Carrots are so commonly available, it's easy to overlook them. But they're a nutritious and versatile vegetable that can be used for so much more than just school lunch. Full of flavor and crunch, and famously full of beta-carotene and fiber, this root vegetable can be steamed, roasted, shredded, pureed, chopped, diced, pickled, and used in dishes from savory to sweet. Carrots grow year-round in temperate areas of North America, with California producing the lion's share of the U.S. crop, so they're a staple in the grocery store produce section.
What Are Carrots?
The carrots you find in the grocery store are a domesticated version of a wild carrot, a root vegetable native to Europe and southwestern Asia. Though most uses call for just the taproot, the stems and leaves are edible as well. Heirloom, rainbow, and organic varieties cost more than the economical standard orange carrot.
How to Use Carrots
Carrots may be at their best straight from the ground, scrubbed clean and eaten raw. With young, fresh carrots, there's no need to even peel them, as the skin is thin and tender. Shred them on a large box grater to make a simple salad with a bit of white wine or cider vinegar and salt.
Diced carrots join onion and celery sautéed in butter to form a standard mirepoix, an important flavor base for soups, stews, sauces, and marinades. Carrots roasted with a bit of olive oil and a sprinkle of salt (and maybe even a drizzle of orange juice) turn tender and sweet.
You can toss roughly chopped carrots into stews or roast them in a pan with chicken or pork. Carrots glazed with brown sugar and butter make a simple but tasteful side dish for everything from fish sticks to roast beef to steak. Carrots pickled in vinegar add a kick to tacos, sandwiches, and salads.
What Do They Taste Like?
Carrots can range in flavor from sweet to piney and herbal to woody to soapy and bitter, depending on the variety and growing conditions. Cooked carrots release the sugar in their cells, so roasting or steaming them brings out the sweetness.
Carrots play a supporting role in many recipes, adding subtle background sweetness. They star in others, playing well with flavors that range from sweet to spicy, and salty to sour.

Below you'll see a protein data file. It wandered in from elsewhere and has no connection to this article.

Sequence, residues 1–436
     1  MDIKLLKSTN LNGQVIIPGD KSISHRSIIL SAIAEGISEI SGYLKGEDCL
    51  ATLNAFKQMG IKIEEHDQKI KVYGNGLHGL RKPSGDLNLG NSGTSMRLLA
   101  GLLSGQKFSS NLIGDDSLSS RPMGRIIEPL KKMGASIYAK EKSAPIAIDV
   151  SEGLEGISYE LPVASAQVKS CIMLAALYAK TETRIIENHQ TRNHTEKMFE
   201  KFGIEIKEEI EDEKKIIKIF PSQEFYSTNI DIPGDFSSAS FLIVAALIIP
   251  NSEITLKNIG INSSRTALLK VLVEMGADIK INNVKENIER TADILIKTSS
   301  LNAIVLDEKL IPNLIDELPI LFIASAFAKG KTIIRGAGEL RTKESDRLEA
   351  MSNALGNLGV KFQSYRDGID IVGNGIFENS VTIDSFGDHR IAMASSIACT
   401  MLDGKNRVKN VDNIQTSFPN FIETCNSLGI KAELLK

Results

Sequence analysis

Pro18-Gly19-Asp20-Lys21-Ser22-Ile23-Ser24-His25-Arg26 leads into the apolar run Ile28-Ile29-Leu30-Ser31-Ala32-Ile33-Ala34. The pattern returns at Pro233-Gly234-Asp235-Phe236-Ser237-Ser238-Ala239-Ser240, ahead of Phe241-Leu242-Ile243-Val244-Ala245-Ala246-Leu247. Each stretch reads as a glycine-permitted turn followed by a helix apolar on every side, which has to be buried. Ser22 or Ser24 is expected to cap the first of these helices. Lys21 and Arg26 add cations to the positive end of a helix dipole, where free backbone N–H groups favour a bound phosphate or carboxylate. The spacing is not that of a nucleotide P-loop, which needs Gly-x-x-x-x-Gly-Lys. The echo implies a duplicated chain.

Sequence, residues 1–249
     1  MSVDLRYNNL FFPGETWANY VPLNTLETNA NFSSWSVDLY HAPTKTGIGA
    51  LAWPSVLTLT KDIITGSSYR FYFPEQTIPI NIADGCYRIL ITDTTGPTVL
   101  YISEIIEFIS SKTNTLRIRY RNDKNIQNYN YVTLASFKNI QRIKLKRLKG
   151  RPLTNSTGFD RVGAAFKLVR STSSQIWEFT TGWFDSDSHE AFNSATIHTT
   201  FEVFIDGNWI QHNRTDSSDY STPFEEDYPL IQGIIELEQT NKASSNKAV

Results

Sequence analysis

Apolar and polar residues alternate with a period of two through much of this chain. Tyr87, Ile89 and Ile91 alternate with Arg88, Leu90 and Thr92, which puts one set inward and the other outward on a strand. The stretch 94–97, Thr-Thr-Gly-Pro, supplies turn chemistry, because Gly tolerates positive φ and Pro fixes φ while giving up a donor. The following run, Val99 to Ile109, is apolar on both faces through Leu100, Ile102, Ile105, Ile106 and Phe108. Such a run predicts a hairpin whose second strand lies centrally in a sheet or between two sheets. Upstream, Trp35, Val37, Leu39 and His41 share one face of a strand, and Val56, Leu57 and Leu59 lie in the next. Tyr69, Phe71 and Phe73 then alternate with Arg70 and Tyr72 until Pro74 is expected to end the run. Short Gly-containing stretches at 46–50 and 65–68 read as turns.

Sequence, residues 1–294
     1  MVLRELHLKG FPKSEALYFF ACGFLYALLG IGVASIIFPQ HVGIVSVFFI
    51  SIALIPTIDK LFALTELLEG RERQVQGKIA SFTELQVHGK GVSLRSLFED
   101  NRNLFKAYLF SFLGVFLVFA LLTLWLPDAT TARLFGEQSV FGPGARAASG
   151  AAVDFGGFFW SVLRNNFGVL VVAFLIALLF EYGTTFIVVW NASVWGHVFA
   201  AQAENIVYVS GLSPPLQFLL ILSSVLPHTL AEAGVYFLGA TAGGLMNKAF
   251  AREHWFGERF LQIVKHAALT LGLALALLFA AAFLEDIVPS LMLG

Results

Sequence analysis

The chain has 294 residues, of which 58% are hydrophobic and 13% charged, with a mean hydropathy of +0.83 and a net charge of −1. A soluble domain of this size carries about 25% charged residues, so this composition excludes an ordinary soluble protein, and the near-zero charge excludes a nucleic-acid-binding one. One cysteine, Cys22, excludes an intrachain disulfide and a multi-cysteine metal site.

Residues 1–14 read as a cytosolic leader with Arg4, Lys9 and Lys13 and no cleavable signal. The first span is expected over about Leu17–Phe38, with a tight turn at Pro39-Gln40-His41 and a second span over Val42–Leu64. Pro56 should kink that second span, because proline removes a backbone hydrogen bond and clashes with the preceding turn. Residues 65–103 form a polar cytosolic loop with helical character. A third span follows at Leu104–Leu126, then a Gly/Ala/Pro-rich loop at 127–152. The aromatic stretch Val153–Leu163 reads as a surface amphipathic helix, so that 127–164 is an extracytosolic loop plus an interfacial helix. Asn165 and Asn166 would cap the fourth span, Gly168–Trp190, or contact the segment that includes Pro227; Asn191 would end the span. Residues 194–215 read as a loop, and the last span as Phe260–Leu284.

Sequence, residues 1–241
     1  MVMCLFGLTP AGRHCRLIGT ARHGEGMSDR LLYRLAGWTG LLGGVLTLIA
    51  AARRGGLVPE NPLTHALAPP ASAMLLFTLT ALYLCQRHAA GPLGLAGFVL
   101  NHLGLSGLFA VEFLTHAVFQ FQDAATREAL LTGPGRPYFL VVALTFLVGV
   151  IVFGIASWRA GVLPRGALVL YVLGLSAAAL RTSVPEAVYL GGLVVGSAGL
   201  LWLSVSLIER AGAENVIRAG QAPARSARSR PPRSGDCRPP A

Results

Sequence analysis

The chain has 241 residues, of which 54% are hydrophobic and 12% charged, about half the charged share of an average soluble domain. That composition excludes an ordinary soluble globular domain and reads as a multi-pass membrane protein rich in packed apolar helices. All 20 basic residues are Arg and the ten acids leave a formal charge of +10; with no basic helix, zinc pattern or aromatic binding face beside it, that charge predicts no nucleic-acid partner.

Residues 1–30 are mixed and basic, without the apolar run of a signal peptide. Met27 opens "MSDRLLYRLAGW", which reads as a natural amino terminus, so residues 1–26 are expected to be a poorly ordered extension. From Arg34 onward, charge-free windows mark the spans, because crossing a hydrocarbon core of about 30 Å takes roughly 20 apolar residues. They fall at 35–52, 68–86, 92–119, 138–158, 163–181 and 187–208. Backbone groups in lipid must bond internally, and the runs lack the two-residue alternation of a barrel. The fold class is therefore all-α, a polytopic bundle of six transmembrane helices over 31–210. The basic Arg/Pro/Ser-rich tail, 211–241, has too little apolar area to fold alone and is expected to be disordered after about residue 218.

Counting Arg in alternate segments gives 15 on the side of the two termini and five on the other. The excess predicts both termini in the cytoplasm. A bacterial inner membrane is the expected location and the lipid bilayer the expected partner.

Where to Buy Carrots
Look for locally harvested carrots at farmers' markets during spring and fall, when you're more likely to find interesting varieties alongside the standard orange carrots. Grocery stores carry carrots all year long, both whole and cut, either loose, in bunches, or in packages. You can even find snack size packaged baby-cut carrots at many convenience stores and larger packages at bulk foods store, where you can also often buy bundles by the case.
Choose firm, stiff carrots with feathery bright green tops. A rubbery bend or extensive cracking indicates age and "wilting." You can grow carrots at home in a sunny garden, or both outdoors and indoors in containers; shorter varieties, such as finger types and round carrots, work best.
At home, cut or snap off the greens and store the carrots in an open plastic bag in the crisper drawer of your refrigerator or in a closed container of fresh water in the refrigerator (be sure to change the water every few days). Fresh carrots keep for several weeks properly stored. Make sure to remove the greens, though, as they will suck moisture from the carrots and cause premature wilting if you leave them intact. The tops should be used right away, but if you do need to store them overnight, wrap them in a damp towel and put them in the fridge.
You can also freeze carrots either whole or chopped for use in recipes. Blanch them first in salted water, then dunk them in an ice bath and let them dry before sealing them in an airtight container for storage.
Nutrition and Benefits
One medium carrot contains 25 calories and a whopping 204 percent daily value of vitamin A, much of it available from the beta-carotene responsible for giving carrots their color. Carrots also provide vitamins C, E, and K, as well as several B vitamins. At 2.9 grams, a carrot does fall on the high end of the sugar scale for vegetables, but most nutritionists still recommend eating them for the many other health benefits, noting that the natural sugar does not cause a spike in blood sugar like the added sugar found in sodas, candy bars, and other processed snacks.
Though most commercial production focuses on the orange varieties, which tend to be sweetest, carrots grow in an array of colors, with golden, white, purple, and red varieties widely available at farmers' markets and specialty grocery stores. Carrots are second only to beets in sugar content for vegetables. A good rule of thumb for both: the darker the color, the sweeter the flavor.
The "baby carrots" you buy in bags at the grocery store are actually machine-cut to size from fully mature carrots. You can often find true young carrots harvested at the start of the season in grocery stores and at farmers' markets in May and June, though.
And while carrots do contain beta-carotene, they won't do much to improve your eyesight, unless vitamin A deficiency caused the condition. That myth started during World War II to deflect attention from the new radar technology pilots were using. The rumor spread that the pilots improved their night vision by eating carrots.